post-Katrina environmentalism

I'm glad to have not yet heard as many right-wing screeds as I expected about, "How can those terrible liberals blame this on environmental policies?!" or "How can those terrible liberals be concerned about the environment at a time like this?!" Places like Salon.com, meanwhile, are doing a halfway decent job of explaining the environmental aftermath as a third human disaster (first two = hurricane, flood).

"The New Orleans area that was flooded was an industrial area where you have all the lubricants and batteries and heavy-metal plating -- it's just hideously dangerous," says geographer Wells. "We can't wait around to test the floodwater before we pump it back into the lake -- people are already dying of disease from it -- but it's a terrible thing to do. We're going to avoid a great human disaster by doing this, but we could be creating a damn big environmental one." Forget for a moment the scenario of a toxic lake in the middle of a major American city; should a future hurricane breach the levees again, New Orleans could literally be submerged in poison.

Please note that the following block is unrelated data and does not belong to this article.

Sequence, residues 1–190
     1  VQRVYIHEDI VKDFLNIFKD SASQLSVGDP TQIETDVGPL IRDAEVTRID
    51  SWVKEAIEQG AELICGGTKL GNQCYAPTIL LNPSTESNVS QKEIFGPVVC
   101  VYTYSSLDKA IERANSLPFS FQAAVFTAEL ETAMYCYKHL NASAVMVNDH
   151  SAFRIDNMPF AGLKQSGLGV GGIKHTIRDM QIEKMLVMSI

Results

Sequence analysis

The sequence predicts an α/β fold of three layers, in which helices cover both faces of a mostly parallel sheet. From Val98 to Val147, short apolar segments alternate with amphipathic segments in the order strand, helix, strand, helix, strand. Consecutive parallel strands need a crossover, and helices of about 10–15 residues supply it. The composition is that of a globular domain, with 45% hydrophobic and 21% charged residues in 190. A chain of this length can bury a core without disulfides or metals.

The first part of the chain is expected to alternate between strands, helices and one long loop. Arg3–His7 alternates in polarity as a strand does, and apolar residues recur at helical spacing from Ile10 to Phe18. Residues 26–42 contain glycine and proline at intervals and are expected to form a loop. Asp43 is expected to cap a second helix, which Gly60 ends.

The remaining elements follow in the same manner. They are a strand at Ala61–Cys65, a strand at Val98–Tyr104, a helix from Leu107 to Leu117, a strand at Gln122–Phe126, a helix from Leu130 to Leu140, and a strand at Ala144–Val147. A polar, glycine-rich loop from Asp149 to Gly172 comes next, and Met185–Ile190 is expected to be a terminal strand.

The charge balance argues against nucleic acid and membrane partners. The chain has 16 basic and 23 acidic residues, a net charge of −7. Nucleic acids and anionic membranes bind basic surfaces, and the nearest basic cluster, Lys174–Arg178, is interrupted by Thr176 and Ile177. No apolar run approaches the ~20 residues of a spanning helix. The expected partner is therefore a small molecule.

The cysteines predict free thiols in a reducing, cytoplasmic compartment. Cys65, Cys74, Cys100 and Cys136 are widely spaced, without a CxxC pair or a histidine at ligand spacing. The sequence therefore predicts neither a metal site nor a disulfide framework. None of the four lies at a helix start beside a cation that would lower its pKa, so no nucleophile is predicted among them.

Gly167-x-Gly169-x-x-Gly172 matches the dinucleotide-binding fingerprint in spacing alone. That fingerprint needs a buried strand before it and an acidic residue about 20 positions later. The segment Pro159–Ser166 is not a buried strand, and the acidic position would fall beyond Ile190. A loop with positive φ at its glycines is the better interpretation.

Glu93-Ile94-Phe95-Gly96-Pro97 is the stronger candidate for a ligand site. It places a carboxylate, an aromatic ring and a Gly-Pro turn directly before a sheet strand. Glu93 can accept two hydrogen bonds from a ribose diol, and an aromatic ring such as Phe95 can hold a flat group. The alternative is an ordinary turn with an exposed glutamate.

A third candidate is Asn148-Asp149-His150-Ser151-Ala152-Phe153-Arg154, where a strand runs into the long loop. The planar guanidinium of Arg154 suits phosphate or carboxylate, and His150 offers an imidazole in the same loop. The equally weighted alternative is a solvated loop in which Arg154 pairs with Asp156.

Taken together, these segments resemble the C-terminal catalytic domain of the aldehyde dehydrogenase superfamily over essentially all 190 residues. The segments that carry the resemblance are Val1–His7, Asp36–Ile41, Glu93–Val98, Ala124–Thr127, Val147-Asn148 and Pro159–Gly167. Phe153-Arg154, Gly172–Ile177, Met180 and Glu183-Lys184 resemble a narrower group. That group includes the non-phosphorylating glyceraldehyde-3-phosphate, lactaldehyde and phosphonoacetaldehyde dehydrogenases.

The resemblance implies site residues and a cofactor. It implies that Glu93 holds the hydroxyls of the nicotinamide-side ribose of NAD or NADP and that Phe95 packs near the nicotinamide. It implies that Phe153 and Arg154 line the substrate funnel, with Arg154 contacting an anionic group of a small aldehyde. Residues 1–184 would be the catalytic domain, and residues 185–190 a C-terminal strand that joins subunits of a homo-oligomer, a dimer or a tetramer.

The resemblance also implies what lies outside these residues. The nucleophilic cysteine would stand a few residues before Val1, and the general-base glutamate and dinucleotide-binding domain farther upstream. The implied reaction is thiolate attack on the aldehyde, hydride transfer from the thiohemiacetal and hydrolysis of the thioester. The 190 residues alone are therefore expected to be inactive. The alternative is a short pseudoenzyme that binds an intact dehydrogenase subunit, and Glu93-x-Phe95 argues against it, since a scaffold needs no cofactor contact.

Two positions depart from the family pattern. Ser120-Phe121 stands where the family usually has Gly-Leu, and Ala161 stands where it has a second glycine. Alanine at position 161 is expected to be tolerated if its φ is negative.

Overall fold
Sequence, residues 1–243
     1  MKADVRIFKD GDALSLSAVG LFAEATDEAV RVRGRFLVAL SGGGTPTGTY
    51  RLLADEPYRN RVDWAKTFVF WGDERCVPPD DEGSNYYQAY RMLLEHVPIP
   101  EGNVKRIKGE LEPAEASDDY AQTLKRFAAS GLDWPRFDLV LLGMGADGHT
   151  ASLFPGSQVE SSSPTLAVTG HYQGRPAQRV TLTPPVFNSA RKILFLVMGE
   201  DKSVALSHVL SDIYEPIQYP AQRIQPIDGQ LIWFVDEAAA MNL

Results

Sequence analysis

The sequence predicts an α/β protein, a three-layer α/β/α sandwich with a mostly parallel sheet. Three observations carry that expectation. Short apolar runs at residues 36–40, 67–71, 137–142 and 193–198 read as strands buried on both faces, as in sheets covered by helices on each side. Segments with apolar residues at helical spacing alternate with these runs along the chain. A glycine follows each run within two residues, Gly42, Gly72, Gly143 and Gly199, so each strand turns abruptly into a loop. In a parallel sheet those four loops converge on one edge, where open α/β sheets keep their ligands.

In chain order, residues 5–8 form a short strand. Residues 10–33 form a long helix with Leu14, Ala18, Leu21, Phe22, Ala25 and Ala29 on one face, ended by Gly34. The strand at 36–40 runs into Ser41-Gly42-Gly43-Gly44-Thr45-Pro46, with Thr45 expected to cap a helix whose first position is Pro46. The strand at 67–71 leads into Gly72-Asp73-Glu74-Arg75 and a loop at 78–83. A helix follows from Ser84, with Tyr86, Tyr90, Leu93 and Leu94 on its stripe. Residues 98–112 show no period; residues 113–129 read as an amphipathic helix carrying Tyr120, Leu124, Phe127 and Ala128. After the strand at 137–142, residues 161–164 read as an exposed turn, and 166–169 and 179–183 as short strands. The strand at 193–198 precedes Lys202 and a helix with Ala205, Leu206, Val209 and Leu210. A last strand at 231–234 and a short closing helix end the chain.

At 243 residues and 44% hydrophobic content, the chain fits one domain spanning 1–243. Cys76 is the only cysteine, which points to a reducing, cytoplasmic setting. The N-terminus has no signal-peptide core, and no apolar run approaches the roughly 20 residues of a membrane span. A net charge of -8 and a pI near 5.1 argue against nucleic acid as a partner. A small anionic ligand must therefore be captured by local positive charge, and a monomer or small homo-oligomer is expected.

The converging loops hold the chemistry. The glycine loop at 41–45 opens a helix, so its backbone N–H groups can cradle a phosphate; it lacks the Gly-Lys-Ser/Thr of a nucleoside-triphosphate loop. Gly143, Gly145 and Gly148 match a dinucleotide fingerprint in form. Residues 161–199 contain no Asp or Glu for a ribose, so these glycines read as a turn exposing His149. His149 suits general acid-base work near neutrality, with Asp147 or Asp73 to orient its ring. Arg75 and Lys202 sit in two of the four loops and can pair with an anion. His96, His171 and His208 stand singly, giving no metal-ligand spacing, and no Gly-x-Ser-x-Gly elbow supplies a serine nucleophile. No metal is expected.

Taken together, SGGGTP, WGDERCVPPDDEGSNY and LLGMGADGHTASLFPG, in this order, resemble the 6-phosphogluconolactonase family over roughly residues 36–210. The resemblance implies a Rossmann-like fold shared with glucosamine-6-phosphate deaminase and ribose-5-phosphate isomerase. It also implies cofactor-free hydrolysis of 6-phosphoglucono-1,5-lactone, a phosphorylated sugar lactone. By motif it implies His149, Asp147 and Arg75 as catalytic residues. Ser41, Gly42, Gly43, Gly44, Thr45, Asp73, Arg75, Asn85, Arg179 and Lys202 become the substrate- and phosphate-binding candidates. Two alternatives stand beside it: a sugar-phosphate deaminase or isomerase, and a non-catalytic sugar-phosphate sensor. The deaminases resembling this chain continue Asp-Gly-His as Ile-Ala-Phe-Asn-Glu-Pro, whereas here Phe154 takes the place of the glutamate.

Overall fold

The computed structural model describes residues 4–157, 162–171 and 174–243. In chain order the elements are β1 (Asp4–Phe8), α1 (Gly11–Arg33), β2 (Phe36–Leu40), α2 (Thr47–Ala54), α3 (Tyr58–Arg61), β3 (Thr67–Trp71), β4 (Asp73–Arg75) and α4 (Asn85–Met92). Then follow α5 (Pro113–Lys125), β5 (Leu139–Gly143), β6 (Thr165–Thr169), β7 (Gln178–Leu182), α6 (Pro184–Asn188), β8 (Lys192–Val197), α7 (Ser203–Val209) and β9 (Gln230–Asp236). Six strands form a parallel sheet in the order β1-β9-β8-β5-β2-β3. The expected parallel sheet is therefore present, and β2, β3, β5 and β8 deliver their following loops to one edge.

I'd like it a little more explicit even than that - we're not "avoiding a human disaster" by shuttling around such a volume of water laden with so much nastiness; we're just struggling to put off that human disaster until we handle the current ones. In the best case scenario, Lake Pontchartrain is going to be literally untouchable for decades - swimming, fishing, perhaps even being close enough to look at the lake will be toxic. That's of course, ignoring the contaminants leached to the surface from underground, or washed out of industrial areas (or submerged cars) and spread around the city - everything's going to be coated in a nice layer of sewage and carcinogens when the water recedes. Yummy.

This is another reason why New Orleans should not be built back "the way it was", but also yet another reason to reexamine how all of our cities are built. Even small, environmentally concerned cities like Ann Arbor dump untreated sewage into the river during heavy storms, causing "Do not touch the water" signs to appear in downstream parks. Chemicals don't get disposed of, they just get stored somewhere until something pulls them to the surface and into contact with people again.

Will we learn anything out of this? Maybe.